Etymology of Denmark
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The etymology of the name Denmark (Danish: Danmark), and especially the relationship between Danes and Denmark and the unifying of Denmark as a single kingdom, is a subject which attracts some debate. The debate is centered primarily around the prefix "Dan" and whether it refers to the Dani or a historical person Dan and the exact meaning of the -"mark" ending. The issue is further complicated by a number of references to various Dani people in Scandinavia or other places in Europe in Greek and Roman accounts (like Ptolemy, Jordanes, and Gregory of Tours), as well as some medieval literature (like Adam of Bremen, Beowulf, Widsith and Poetic Edda).
Most handbooks derive the first part of the word, and the name of the people, from a word meaning "flat land", related to German Tenne "threshing floor", English den "cave", Sanskrit dhánuṣ- (धनुस्; "desert"). The -mark is believed to mean woodland or borderland (see marches), with probable references to the border forests in south Schleswig, maybe similar to Finnmark, Telemark, or Dithmarschen.
Some of the earliest descriptions of the origin of the word 'Denmark', describing a territory, are found in the Chronicon Lethrense (12th century), Svend Aagesen (late 12th century), Saxo Grammaticus (early 13th century) and the Ballad of Eric (mid 15th century). There are, however, many more Danish annuals and yearbooks containing various other details, similar tales in other variations, other names or spelling variations.
The Chronicon Lethrense explains how the Roman Emperor Augustus battled Denmark in the time of David, Denmark consisted of seven territories Jutland, Funen, Zealand, Møn, Falster, Lolland and Skåne which were governed by King Ypper of Uppsala. He had three sons, Nori, Østen and Dan. Dan was sent to govern Zealand, Møn, Falster, and Lolland, which became known jointly as Videslev. When the Jutes were fighting Emperor Augustus they called upon Dan to help them. Upon victory, they made him king of Jutland, Funen, Videslev and Skåne. A council decided to call this new united land Danmark (Dania) after their new king, Dan. Saxo relates that it is the legendary Danish King Dan, son of Humbli, who gave the name to the Danish people, though he does not expressly state that he is also the origin of the word "Denmark". Rather he tells that England ultimately derives its name from Dan’s brother Angel.
The earliest mention of a territory called "Denmark" is found in King Alfred the Great's modified translation into Old English of Paulus Orosius' Seven Books of History Against The Pagans ("Historiarum adversum Paganos Libri Septem"), written by Alfred when king of Wessex in the years 871–899. In a passage introduced to the text by Alfred, we read about Ohthere of Hålogaland’s travels in the Nordic region, during which 'Denmark [Denamearc] was on his port side... And then for two days he had on his (port side) the islands which belong to Denmark'.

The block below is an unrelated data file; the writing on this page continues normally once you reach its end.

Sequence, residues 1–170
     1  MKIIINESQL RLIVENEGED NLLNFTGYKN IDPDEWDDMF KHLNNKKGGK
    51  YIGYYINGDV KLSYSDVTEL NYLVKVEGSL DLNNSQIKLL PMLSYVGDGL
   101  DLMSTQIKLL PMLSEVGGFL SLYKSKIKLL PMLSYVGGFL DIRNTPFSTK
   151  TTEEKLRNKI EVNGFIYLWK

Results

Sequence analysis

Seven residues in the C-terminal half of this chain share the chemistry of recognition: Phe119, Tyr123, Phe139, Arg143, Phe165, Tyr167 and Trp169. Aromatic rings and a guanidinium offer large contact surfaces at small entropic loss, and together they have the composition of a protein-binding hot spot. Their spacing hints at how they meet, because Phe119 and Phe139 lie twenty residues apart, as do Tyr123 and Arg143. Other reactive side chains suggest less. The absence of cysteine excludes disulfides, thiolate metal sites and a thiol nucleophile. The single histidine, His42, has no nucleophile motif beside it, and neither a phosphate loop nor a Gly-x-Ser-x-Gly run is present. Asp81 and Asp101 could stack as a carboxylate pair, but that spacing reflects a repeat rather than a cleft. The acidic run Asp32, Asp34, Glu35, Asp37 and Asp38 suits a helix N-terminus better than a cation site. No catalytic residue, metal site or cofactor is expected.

In the Treaty of Heiligen, which was signed at Heiligen in 811 between Denmark and the Frankish empire, it mentions King Hemming and Charlemagne. Based on the terms of the accord, the southern boundary of Denmark was established at the Eider River. Moreover, the treaty confirmed the peace established by both signatories in 810.[better source needed]
The first recorded use of the word "Denmark" within Denmark itself is found on the two Jelling stones, which are rune stones believed to have been erected by Gorm the Old (c. 955) and Harald Bluetooth (c. 965). The larger stone of the two is popularly cited as Denmark's baptismal certificate (dåbsattest), though both use the word "Denmark", in the form of accusative ᛏᛅᚾᛘᛅᚢᚱᚴ "tanmaurk" ([danmɒrk]) on the large stone, and genitive "tanmarkar" (pronounced [danmarkaɽ]) on the small stone. The inhabitants of Denmark are there called "tani" ([danɪ]), or "Danes", in the accusative.
In the Song of Roland, estimated to have been written between 1040 and 1115, the first mention of the legendary Danish hero Holger Danske appears; he is mentioned several times as "Holger of Denmark" (Ogier de Denemarche).
- Kristian Andersen Nyrup, Middelalderstudier Bog IX. Kong Gorms Saga
- Indvandrerne i Danmarks historie, Bent Østergaard, Syddansk Universitetsforlag 2007, ISBN 978-87-7674-204-1, pp. 19–24
- J. de Vries, Altnordisches etymologisches Wörterbuch, 1962, 73; N. Å. Nielsen, Dansk etymologisk ordbog, 1989, 85–96.
- Navneforskning, Københavns Universitet Udvalgte stednavnes betydning.
- Asernes æt Daner, Danir, Vandfolket
- The 'David' referred to here appears to be David, the ancient king of the Israelites: of course this is wildly anachronistic, but it is fairly typical of such sources, which commonly sought to push national or dynastic origins as far back as possible.
- Thorpe, B., The Life of Alfred The Great Translated From The German of Dr. R. Pauli To Which Is Appended Alfred's Anglo-Saxon Version of Orosius, Bell, 1900, p. 253.
- Thursten, p. 67.
- O'Donoghue, Heather (2008). Old Norse-Icelandic Literature: A Short Introduction. John Wiley & Sons. p. 27. ISBN 9780470776834. Retrieved 2014-02-27.
- The dative form tąnmarku (pronounced [danmarkʊ]) is found on the contemporaneous Skivum stone.